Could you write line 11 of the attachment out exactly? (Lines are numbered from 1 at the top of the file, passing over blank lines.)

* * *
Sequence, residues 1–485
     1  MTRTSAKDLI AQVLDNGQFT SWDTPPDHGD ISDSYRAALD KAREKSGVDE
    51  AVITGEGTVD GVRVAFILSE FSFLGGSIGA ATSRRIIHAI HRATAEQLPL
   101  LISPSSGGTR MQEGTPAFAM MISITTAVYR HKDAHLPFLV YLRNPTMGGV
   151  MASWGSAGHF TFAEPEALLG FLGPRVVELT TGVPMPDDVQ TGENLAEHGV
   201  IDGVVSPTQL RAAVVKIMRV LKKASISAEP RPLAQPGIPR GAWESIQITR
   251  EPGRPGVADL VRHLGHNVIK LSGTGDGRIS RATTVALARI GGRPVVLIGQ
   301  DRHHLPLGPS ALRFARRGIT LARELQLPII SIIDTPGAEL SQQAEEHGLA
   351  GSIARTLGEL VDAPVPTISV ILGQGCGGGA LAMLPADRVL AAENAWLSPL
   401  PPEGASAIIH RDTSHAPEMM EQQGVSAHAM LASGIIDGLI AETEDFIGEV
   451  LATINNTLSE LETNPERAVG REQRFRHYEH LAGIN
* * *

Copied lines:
   451  LATINNTLSE LETNPERAVG REQRFRHYEH LAGIN